Possible legal action over toxic foam
People whose water was contaminated near New Zealand air force bases could launch a class action against the Government.
An Australian law firm has begun organising meetings with people potentially affected by runoff of toxic chemicals from Ohakea and Woodbourne airbases.
Shine New Zealand managing director Andrew Hooker said the firm was taking ‘‘a very big test case’’ against the Australian Defence Force because of similar issues from use of the now-banned firefighting foam. Damages of ‘‘many millions of dollars’’ were being sought there.
New Zealand officials have said the extent of the problem is much worse in Australia because of the concentration of the chemicals and the amount of area affected.
The law firm wanted to talk with farmers and residents from Ohakea about their rights, Hooker said.
Meanwhile, Horizons Regional Council strategy and regulation manager Nic Peet said government ministries dealing with the contamination needed to urgently give more information to those potentially affected, and start on the next round of testing for the contaminant right away.
The council is seeking its own
‘‘It's a bit of a shock to the system.’’
Ohakea resident Christine Hills
‘‘The community needs to know – ‘talk to people, and do it fast’ is our advice.’’
The PFAS chemical contamination was publicly revealed in early December, and initial test results from 64 properties surrounding the bases include 41 samples where it was detected, and 15 at levels higher than drinking water guidelines allow. People at some of the properties had been drinking the contaminated water.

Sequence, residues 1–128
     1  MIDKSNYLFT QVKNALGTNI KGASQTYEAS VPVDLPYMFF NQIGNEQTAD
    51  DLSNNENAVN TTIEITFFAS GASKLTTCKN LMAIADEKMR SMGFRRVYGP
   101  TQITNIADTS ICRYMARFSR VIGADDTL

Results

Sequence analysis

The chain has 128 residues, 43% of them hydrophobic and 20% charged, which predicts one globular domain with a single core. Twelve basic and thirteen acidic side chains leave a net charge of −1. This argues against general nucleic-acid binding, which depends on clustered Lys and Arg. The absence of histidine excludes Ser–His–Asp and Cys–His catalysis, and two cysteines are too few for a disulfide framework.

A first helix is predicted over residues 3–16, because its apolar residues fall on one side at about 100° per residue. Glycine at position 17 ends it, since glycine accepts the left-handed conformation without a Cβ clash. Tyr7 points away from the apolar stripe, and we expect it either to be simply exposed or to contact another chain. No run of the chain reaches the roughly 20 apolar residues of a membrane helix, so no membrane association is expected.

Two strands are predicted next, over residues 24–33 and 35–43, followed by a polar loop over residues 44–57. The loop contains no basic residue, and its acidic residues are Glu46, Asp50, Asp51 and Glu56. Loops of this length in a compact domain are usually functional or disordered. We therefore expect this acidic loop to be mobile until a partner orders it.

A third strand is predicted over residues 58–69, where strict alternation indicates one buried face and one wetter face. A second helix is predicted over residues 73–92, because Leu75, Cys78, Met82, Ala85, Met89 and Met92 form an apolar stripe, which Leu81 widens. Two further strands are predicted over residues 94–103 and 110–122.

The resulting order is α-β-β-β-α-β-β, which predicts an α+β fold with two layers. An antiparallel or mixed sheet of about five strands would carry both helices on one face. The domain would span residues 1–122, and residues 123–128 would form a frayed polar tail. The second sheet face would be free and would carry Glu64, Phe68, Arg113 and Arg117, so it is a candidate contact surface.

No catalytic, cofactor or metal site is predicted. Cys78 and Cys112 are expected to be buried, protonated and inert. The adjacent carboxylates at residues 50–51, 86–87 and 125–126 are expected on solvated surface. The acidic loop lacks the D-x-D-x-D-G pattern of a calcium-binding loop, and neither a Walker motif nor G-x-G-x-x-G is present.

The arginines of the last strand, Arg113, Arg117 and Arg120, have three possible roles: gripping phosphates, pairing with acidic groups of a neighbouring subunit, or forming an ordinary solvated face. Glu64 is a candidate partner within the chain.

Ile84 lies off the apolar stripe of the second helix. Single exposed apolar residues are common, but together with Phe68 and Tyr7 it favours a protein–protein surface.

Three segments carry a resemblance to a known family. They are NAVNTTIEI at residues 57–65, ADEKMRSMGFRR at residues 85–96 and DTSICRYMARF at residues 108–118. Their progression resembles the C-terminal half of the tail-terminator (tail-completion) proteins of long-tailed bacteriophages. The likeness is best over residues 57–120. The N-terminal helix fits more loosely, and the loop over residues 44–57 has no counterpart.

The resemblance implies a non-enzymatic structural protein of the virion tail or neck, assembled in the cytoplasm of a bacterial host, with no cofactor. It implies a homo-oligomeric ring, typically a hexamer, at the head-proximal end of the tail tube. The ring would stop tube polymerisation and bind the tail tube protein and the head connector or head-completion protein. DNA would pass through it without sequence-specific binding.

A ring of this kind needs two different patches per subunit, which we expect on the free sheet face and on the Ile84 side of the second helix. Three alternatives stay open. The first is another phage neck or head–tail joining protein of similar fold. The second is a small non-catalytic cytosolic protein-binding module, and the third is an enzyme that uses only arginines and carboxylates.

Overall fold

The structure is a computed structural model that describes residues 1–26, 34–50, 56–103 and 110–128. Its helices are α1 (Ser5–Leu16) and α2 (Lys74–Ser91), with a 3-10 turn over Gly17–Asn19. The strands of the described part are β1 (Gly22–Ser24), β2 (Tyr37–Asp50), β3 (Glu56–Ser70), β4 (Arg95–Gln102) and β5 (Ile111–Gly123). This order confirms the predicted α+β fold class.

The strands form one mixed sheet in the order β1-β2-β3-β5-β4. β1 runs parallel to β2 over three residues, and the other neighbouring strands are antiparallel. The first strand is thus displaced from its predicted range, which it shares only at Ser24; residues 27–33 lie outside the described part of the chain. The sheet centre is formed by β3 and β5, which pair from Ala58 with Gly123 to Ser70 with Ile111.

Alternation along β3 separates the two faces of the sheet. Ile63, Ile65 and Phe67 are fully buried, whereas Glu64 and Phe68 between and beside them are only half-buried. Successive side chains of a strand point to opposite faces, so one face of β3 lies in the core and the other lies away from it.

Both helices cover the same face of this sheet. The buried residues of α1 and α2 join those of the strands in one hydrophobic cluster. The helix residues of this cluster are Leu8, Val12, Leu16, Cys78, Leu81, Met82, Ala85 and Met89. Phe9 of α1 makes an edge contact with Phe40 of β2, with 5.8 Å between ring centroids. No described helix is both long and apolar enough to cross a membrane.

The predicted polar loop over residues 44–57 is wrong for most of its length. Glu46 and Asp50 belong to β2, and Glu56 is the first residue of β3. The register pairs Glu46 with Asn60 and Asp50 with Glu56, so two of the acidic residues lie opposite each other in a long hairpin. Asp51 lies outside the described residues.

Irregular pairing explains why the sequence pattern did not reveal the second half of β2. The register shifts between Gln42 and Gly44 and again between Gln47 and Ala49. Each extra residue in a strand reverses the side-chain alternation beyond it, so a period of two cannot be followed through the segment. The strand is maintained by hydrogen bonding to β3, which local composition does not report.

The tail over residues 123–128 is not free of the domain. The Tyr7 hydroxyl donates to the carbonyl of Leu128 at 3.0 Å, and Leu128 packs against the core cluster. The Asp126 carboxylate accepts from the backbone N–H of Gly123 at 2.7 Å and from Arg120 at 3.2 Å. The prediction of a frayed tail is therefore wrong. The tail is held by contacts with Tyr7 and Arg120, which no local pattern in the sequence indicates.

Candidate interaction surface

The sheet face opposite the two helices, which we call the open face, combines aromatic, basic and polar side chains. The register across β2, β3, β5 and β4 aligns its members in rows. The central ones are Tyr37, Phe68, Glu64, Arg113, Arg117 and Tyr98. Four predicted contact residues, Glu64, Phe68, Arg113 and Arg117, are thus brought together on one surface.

Ohakea resident Christine Hills’ family’s farms are ‘‘in the middle’’ of the testing area, and their land tested high for PFAS. They are among those meeting with the Shine lawyers.
‘‘It’s a bit of a shock to the system. We’re still dealing with the [fallout] of what’s going to happen with all of this. It’d be nice to consider what’s happening, and how we can help ourselves.
‘‘I love living by the air force, and it’s not their fault. You’ve got to give them a chance ...‘‘
Hooker said ‘‘joining together’’ would ensure the problem ‘‘doesn’t just get swept under the carpet’’.
The law firm would also look to organise meetings with people near the Woodbourne base.
‘‘I find it strange for the Government to be telling people your land’s contaminated, but it’s safe. How do they know?’’
A detailed report by an independent investigator was needed.
Bonnie Wapp and her family are among those living at properties near Ohakea airbase.